By Rick Morwick
As evidenced by global lockdowns, the COVID-19 pandemic has cast a dark cloud on virtually all public, private and nonprofit entities. But if there can be such a thing as a silver lining amidst quarantine gloom, the creative collaborators at Nickel Plate Arts in Noblesville have found it.
Social distancing and in-person obstacles notwithstanding, the creative forces at Nickel Plate Arts have turned barriers into outlets.
“One of the great things about working in our creative community is that art goes on even through crisis,” said Nickel Plate Arts Executive Director Aili McGill, who has served in her role since 2012. “In fact, many of our artists, performers and teachers have been busier during this lockdown than they were before because they are creating art and designing opportunities in reaction to the pandemic to help them and their followers process all of the strange things they are experiencing.”
A nonprofit that serves much of eastern Hamilton County, from Fishers to Atlanta, Nickel Plate Arts cultivates cultural growth by developing and integrating visual and performing arts in downtowns and parks and by supporting more than 200 professional local artists. It also raises awareness for the arts by supporting venues where people can enjoy the arts.
Because of the pandemic, access to non-essential venues has been shut down since mid-March. But Nickel Plate Arts has opened several creative avenues to keep access to art flowing. Examples include offering online classes, establishing online exhibits and creating portals for artists to reach audiences and potential buyers.
“We have opened up our Facebook feed to our artist network and have had artists post videos at 1 and 6 p.m. on most days,” McGill said. “This is a great opportunity for our artists to check in, to share what they’re doing, to reconnect with friends virtually, to sell items and to learn new skills. We’re always looking for new people to add to our feed.”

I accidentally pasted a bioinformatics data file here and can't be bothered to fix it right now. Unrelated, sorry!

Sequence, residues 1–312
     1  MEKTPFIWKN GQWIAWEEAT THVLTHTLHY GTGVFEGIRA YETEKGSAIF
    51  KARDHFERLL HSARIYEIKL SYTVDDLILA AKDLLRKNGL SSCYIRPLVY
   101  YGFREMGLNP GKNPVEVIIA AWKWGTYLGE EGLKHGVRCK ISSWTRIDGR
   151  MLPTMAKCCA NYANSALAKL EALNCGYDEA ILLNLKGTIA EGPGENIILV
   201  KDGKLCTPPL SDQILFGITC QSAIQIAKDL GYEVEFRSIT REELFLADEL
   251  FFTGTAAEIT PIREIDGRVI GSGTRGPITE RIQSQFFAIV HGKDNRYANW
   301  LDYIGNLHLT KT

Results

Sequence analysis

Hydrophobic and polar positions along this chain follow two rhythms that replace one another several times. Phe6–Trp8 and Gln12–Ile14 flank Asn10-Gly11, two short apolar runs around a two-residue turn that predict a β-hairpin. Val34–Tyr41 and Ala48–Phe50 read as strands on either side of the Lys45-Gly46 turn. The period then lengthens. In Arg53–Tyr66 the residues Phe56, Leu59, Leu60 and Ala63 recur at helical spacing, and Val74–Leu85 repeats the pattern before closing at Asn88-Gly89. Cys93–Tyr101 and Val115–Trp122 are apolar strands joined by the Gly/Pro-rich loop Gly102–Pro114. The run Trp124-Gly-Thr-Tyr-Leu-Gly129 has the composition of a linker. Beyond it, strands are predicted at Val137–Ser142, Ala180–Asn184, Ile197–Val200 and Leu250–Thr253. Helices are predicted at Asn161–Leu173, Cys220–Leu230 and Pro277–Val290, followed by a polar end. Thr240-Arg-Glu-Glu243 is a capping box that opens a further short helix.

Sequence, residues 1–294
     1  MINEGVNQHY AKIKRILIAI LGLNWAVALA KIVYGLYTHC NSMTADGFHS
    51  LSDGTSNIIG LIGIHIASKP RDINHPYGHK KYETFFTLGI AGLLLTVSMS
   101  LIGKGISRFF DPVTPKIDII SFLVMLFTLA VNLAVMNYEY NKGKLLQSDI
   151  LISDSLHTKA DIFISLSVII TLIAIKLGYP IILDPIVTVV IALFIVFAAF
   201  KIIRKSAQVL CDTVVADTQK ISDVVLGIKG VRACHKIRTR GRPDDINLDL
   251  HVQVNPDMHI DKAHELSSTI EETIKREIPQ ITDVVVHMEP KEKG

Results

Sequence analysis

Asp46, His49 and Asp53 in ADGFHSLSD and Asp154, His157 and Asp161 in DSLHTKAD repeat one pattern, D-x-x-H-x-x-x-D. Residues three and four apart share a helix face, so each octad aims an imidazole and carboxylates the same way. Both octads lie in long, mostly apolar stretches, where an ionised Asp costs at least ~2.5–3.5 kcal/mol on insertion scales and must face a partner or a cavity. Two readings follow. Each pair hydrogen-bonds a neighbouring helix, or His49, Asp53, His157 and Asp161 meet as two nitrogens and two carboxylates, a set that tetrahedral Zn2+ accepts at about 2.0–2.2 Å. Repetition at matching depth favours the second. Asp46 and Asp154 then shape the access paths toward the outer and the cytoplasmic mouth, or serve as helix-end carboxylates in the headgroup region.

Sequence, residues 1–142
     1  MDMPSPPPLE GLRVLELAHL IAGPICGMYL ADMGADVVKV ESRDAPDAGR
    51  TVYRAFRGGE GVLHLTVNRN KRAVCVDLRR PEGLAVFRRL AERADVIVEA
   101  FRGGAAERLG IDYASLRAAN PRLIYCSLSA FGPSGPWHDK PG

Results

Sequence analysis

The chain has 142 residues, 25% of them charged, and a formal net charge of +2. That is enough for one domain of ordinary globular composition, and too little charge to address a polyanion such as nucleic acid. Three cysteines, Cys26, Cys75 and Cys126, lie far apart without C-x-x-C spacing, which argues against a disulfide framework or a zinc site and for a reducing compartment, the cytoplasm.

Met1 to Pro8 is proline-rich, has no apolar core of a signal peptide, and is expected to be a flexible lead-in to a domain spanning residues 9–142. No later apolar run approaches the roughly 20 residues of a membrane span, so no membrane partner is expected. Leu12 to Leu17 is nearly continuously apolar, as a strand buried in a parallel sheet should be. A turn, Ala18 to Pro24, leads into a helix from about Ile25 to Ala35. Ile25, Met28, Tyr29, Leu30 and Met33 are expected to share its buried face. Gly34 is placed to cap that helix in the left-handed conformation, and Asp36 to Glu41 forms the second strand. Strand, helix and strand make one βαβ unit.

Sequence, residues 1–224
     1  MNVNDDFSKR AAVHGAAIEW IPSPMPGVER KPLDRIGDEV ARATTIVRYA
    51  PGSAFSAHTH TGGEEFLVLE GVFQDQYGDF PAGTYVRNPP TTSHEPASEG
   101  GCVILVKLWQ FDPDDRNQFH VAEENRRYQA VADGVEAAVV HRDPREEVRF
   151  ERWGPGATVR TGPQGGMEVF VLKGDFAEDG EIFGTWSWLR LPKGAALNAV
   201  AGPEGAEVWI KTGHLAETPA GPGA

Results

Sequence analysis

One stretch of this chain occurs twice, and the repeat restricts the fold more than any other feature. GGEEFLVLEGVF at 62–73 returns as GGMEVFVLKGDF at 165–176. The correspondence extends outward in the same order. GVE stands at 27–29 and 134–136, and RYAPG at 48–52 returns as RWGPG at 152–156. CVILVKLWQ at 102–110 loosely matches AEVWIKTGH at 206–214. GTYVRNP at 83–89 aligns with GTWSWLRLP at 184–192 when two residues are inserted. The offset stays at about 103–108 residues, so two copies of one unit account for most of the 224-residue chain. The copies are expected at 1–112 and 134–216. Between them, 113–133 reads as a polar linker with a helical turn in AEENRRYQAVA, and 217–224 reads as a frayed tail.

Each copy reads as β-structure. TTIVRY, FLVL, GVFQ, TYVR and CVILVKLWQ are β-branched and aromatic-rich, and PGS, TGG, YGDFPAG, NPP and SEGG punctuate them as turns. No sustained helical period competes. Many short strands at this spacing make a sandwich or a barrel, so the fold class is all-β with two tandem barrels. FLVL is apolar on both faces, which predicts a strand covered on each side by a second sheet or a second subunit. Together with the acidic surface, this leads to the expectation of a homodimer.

Online classes, exhibits and other virtual content have been well-received — so much so that a some components might become permanent when social distance guidelines are lifted.
“We have also converted our monthly First Friday events to an online format,” McGill said. “We go through our exhibits, which we’ve converted to an all-digital format, and share stories from artists, musicians and community members. It’s a fun time, and we will likely continue to offer digital First Fridays for at least a few months and may keep some digital elements in our in-person events once those resume.”
Besides social media and online content, Nickel Plates Arts is assembling and distributing Emergency Art Kits for adults, teens and children who cannot afford art supplies. The initiative, which has already provided more than 200 kits, is supported by the Hamilton County Foundation, the Richard M. Shulze Family Foundation and 100 Women Who Care Hamilton County. To request art supplies for someone in need, contact McGill at firstname.lastname@example.org. For more on the program, visit nickelplatearts.org/artkits.
“The response to our efforts has been overwhelming in a great way,” McGill said. “We have been delighted to see so many people tuning into our live posts, joining us for Virtual First Fridays and sharing their content with us on other social media platforms. Some of our events and classes have had greater attendance online than they would have had they taken place in-person, and we’ve received participation and support from people all over the globe.”
For more on Nickel Plate Arts, visit nickelplatearts.org.